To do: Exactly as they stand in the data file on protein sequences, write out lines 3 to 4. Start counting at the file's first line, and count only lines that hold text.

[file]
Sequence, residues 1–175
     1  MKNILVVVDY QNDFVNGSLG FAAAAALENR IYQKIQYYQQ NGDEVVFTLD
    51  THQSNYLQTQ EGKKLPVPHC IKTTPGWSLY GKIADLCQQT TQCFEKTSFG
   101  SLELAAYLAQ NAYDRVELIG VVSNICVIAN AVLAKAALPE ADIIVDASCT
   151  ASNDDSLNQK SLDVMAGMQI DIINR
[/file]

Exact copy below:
    51  THQSNYLQTQ EGKKLPVPHC IKTTPGWSLY GKIADLCQQT TQCFEKTSFG
   101  SLELAAYLAQ NAYDRVELIG VVSNICVIAN AVLAKAALPE ADIIVDASCT